It had a large indirect influence on me because the filmmakers who influenced me directly were the French New Wave – Godard, Resnais, Truffaut and Rohmer. But it turns out that as young men they were all heavily influenced by Orson Welles and particularly by Touch of Evil, which came out in 1958, just as they started making their own film, and was much more warmly received in Europe than it was in the United States.
In addition, when I went to film school in 1965, Touch of Evil was only seven years old and was studied directly by all of us because of Welles’ use of composition, camera angles, sound, and staging. It’s a tremendous piece of filmmaking.
How did you get involved in the re-editing of Touch of Evil?
Rick Schmidlin, the producer of the restoration, called me because he had heard a lecture that I had given in Los Angeles over the summer at the CountyMuseum on film and film sound, specifically on The Conversation and Apocalypse Now, for which I had done the sound design and the sound mix as well as the picture editing. He thought I would be the right person for “Touch of Evil” since Welles’s notes are almost equally divided between picture and sound, and Welles himself was a master of both.
My research into the unprecendented work done on Touch of Evil in 1998 began here, with a lengthy phone interview with Rick Schmidlin in August of 1998, a month before I’d even had a chance to see the new cut. The man who proposed the radical idea of creating a new version of the film by following the instructions that Welles sent Universal executives in the famous 58-page memo (which had been discovered a few years earlier) began in the music business. He developed from a lighting director for live concerts rock shows to a producer of music videos and long-form music projects, as well as expanding into other areas of documentary filmmaking as both producer and director. But his revision of Touch of Evil became the buzz event of 1998 long before its unveiling at Telluride and Toronto. (It was set to debut at Cannes but the screening was cancelled in deference to the protest lodged by Beatrice Welles-Smith, who claimed that her “moral rights” were being violated by the revision of her father’s work – ironic given the dedication of the creative team to honoring Welles’ direct requests – and that controversy only gave the film more attention). Schmidlin was passionate about this project but insistent that it not me mistaken for a director’s cut, as no such cut ever existed in life. In his own words, “It’s an academic example utilizing two of the finest people in their field – one as a scholar of the critical medium, one as an educated scholar of commercial editorial and sound medium – and taking Welles‘ documentation and translating them to the screen.” The bulk of the interview was conducted over the phone on August 4, 1998, with a follow-up conversation on August 24.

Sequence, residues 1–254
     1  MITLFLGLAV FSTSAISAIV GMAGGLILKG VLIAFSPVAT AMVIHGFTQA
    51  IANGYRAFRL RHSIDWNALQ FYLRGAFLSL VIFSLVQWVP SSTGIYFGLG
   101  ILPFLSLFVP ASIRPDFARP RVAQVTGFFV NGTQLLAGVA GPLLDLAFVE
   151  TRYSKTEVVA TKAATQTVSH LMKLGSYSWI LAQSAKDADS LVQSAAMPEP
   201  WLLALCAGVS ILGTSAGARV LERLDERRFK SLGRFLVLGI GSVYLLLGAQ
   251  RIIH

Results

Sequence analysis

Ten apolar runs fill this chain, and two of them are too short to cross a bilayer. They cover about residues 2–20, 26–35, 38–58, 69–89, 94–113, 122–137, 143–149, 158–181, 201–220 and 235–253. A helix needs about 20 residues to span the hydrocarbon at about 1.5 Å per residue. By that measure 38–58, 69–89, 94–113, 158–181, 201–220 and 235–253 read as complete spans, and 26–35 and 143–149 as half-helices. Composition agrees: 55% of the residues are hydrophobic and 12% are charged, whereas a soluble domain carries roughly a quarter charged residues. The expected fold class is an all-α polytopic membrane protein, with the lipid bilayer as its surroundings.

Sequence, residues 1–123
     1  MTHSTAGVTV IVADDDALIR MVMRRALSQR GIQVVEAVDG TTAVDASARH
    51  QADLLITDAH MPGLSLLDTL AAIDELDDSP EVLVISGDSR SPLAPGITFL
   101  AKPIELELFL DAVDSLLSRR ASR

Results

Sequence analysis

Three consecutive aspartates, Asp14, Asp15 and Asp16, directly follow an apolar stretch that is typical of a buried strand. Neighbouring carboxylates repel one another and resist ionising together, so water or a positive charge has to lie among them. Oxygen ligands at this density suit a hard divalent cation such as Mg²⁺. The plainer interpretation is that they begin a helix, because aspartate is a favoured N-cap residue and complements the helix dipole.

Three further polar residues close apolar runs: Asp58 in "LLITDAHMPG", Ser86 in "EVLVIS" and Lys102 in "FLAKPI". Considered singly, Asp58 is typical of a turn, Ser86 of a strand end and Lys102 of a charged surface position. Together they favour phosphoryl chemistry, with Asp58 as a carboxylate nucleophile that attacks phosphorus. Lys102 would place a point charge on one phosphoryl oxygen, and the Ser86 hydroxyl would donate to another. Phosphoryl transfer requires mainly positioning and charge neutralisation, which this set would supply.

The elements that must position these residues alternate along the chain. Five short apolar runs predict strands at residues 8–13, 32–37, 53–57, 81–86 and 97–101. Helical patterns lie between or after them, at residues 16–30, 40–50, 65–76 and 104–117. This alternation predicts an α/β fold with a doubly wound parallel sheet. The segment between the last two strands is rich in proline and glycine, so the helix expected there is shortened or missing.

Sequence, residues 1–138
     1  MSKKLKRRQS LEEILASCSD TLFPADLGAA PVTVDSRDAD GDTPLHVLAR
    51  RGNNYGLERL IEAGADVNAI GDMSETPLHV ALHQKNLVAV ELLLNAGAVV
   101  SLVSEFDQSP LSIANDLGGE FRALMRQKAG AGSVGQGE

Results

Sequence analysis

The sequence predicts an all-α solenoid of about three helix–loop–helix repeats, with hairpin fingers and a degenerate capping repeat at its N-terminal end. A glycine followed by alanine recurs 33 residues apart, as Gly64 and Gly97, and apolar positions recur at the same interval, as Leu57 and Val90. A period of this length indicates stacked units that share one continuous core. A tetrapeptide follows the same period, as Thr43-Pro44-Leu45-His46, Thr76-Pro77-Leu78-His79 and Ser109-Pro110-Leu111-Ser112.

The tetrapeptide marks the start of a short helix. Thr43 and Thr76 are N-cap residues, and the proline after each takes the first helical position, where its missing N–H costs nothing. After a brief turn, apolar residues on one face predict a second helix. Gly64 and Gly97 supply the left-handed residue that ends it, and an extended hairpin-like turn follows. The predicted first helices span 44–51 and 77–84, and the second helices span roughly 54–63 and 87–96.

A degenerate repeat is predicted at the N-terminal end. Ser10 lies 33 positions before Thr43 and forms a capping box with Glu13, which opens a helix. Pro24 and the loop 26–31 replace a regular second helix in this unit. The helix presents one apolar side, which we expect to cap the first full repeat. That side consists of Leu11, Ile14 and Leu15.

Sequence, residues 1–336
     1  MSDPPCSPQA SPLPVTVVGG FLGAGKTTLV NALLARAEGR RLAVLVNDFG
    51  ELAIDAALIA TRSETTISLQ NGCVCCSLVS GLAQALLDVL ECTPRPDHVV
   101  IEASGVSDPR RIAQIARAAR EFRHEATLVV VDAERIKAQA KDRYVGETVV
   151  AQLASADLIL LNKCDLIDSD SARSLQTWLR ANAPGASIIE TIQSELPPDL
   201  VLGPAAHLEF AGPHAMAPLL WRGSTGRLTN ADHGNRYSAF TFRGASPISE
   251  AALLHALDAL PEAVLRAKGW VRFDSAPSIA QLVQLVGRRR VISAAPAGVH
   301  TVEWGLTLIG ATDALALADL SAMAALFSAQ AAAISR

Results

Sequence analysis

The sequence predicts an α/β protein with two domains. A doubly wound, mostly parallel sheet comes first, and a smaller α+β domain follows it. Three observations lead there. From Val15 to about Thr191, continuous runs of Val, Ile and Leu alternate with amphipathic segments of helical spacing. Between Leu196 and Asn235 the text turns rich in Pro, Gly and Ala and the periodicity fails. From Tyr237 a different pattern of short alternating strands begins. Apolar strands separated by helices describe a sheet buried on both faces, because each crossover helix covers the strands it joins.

Since his work on Touch of Evil, Schmidlin helped produce the restoration of Thomas Edison’s first sound film experiment (again working with Walter Murch) and a reconstruction of Erich von Stroheim’s Greed, utilizing stills and explanatory cards to fill in for the hours is excised and missing footage.
When did the Touch of Evil project begin? With the discovery of the memo?